The Souq Waqif Falcon Hospital has treated 35,000 birds in 2022 and continues to provide excellent avian healthcare at the ongoing seventh edition of Katara International Falcon and Hunting Exhibition, according to hospital director Dr Ikdam Majed AlKarkhi.
Providing some insights into their groundbreaking accomplishments, Dr AlKarkhi told Gulf Times that the hospital offers a wide range of medical services to falcons.
“Last year, we received 35,000 birds, in our main branch and in Al Khor, so around this figure are treated annually,” he said, noting that the hospital has been participating in the exhibition for the last seven years.
Dr AlKarkhi noted that these medical services cover cutting-edge medical examinations, including digestive system check-ups, respiratory system endoscopy, x-rays, hematology blood tests, and biochemistry assessments to gauge the health of essential organs such as the liver and kidneys.
Among the services offered, he said, the hospital conducts laboratory tests for parasites and polymerase chain reaction (PCR) tests, enabling the diagnosis of bacterial and viral diseases. These tests are especially crucial for falcon owners planning to take their birds outside Qatar, as the hospital issues health certificates for these purposes.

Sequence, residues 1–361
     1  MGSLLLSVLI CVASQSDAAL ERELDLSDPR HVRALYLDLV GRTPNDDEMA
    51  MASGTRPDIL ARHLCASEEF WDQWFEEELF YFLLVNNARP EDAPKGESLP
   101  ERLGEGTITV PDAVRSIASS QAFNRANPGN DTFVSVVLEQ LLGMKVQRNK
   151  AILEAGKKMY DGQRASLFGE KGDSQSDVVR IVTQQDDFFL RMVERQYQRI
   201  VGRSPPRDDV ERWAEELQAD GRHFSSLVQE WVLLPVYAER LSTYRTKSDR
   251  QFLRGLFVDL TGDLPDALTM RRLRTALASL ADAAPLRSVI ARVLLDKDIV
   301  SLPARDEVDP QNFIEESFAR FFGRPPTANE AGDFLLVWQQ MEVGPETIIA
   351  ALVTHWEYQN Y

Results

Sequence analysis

Dr AlKarkhi stressed the hospital's commitment to comprehensive care, which extends to a number of services such as microchip and Passive Integrated Transponder (PIT) implantations. These services underscore the hospital's dedication to meeting the unique and diverse needs of falconers.
He stated that one of the achievements of the Souq Waqif Falcon Hospital is its integration of cutting-edge technology into falcon care. He underlined two major additions to the hospital's array of services this year: the introduction of X-ray examinations for falcons and the establishment of a PCR laboratory. These innovations, he pointed out, represent a significant leap in the hospital's capabilities, allowing for more accurate diagnoses and better treatment options.
About the most common diseases treated at the hospital, Dr AlKarkhi cited parasitic and bacterial diseases as the prevailing challenges. These illnesses, he said, are particularly concerning due to their potential for easy transmission from other bird species like pigeons.
With thousands of falcons being treated annually, he reiterated the hospital's year-round dedication to falcon health and welfare.
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